Eagle County Paramedic Services launches new program to help treat opioid overdoses in homes | VailDaily.com
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Eagle County Paramedic Services launches new program to help treat opioid overdoses in homes

An example of the overdose-reversal drug Narcan that will be available for use by paramedics as part of a new program launched by Eagle County Paramedic Services in partnership with Eagle Valley Behavioral Health and Vail Health.
Matt Rourke/AP

A new program launched by Eagle County Paramedic Services in partnership with Eagle Valley Behavioral Health and Vail Health seeks to prevent opioid overdoses and death with the use of naloxone in the home.

“This is a harm reduction initiative,” said David Miller, a community paramedic at Eagle County Paramedics who is spearheading this program. “By distributing naloxone to patients who are abusing or are at risk of abusing opioids, including prescribed opioids after surgery, we’re hoping we can prevent opioid related deaths from overdose. It’s similar to having public access defibrillators in community spaces to assist people experiencing sudden cardiac arrest.”

Additionally, every use of naloxone to treat an opioid overdose is an opportunity for a person with opioid addiction to seek treatment and support, Miller said.



Opioid addiction and overdose has been named a national crisis: In 2019, nearly 50,000 people in the United States died from opioid-involved overdoses. The misuse of and addiction to opioids — including prescription pain relievers, heroin and synthetic opioids such as fentanyl — not only affects public health but also social and economic welfare.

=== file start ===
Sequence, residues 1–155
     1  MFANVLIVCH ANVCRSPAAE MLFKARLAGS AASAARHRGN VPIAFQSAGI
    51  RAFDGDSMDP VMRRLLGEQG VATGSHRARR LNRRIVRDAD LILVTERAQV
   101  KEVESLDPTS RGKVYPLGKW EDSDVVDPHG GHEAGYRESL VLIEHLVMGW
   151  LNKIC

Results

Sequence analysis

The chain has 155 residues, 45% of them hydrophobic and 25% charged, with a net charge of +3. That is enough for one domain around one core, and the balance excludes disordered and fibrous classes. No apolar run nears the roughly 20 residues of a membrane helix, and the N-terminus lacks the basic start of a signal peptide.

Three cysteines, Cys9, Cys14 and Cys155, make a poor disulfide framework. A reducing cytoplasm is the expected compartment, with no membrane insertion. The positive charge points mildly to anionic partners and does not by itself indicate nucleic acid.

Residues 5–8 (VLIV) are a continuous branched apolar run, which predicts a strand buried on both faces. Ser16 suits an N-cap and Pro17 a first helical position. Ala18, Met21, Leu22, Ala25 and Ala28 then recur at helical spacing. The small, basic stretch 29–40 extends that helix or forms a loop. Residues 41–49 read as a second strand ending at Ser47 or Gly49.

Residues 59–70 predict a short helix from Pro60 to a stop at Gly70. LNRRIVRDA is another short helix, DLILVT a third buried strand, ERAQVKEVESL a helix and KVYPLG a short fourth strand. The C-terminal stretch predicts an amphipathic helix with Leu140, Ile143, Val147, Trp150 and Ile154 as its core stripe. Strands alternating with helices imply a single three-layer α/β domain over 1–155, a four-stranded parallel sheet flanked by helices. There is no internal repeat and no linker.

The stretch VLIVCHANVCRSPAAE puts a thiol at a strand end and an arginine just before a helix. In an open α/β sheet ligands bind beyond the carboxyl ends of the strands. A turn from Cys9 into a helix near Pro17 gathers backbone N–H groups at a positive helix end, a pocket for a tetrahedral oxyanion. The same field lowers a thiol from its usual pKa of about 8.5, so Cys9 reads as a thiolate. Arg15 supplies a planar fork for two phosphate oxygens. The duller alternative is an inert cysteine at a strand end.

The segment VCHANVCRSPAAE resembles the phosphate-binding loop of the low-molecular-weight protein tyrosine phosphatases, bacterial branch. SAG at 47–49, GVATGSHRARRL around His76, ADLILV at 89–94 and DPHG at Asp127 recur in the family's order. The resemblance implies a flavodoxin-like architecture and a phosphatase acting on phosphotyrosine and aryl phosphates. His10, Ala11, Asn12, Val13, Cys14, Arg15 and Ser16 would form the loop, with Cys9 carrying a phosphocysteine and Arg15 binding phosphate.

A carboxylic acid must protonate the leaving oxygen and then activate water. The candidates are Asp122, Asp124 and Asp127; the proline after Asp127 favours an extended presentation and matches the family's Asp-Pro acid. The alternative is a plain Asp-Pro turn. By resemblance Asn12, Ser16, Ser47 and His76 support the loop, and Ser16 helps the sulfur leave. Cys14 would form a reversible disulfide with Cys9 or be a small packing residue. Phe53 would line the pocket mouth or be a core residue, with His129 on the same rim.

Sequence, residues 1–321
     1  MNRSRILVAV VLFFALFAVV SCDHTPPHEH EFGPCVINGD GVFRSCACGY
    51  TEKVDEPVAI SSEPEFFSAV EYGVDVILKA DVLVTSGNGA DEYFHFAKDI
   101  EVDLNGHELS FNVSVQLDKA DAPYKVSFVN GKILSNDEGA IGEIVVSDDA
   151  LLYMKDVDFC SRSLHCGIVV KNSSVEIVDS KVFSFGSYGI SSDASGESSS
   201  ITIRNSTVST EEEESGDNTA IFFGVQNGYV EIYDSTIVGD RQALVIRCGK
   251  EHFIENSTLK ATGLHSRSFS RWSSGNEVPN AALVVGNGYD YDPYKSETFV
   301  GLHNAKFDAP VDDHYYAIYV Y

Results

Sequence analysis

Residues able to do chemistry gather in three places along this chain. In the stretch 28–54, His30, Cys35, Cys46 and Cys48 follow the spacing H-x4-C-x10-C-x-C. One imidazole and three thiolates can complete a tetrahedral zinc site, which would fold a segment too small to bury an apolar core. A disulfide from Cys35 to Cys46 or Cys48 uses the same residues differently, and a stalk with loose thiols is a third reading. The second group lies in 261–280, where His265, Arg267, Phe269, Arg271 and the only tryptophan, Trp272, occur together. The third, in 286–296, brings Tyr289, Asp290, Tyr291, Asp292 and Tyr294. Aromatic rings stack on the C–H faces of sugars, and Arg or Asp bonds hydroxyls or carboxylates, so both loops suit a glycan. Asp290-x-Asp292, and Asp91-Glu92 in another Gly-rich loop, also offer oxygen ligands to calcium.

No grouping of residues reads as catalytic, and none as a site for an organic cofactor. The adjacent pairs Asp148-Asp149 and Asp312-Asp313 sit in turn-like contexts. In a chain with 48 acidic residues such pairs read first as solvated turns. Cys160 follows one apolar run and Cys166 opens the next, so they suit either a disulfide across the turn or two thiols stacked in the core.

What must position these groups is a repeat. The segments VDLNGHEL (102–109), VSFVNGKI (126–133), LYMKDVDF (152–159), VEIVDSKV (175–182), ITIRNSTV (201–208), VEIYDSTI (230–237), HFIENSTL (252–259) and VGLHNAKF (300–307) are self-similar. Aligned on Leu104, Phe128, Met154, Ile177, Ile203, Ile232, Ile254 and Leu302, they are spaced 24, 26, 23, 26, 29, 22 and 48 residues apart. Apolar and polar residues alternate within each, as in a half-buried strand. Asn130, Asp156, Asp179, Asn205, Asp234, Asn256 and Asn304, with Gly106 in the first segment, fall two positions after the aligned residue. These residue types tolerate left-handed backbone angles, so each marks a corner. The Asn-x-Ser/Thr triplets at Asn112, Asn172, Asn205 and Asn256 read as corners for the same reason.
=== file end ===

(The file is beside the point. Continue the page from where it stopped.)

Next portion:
The likelihood of developing an opioid use disorder depends on many factors, including length of time a person is prescribed to take opioids for acute pain and length of time that person continues taking opioids (whether as prescribed, or misused) as well as social determinants of health.



“Because of our roles as community paramedics, we can help patients navigate through treatment options and we have the ability to follow up with patients and support them while they find the right short or long term treatment options,” Miller said. “As community paramedics, we also evaluate social determinants of health that impact addiction and substance use disorder. This allows us to get a better understanding of the whole patient and their unique and individual needs.”

Naloxone (the generic name for NARCAN) can be administered as a nasal spray in a prefilled, needle-free device that requires no assembly. Since it’s easy to administer, patients can have the medicine on-hand when they or their loved ones need it. This medication will be available to patients at risk of opioid overdose because of opioid use disorder, or to patients being prescribed opioids for acute or chronic pain.

This initiative to provide naloxone to patients is occurring nation-wide. However, Eagle County Paramedics is the only EMS service outside of Metro Denver taking part.

In addition to this program, Miller said there’s also a push locally and nationally to better educate health care providers on prescribing opiates.

“As a community, we’re taking this seriously,” Miller said. “Ambulances already carry NARCAN — our goal here is harm reduction before it gets to the point of needing an ambulance. But there’s also the need for stigma reduction. Since this program was launched a few weeks ago, it’s now out in the valley. Maybe now we can start talking about it and get people help.”


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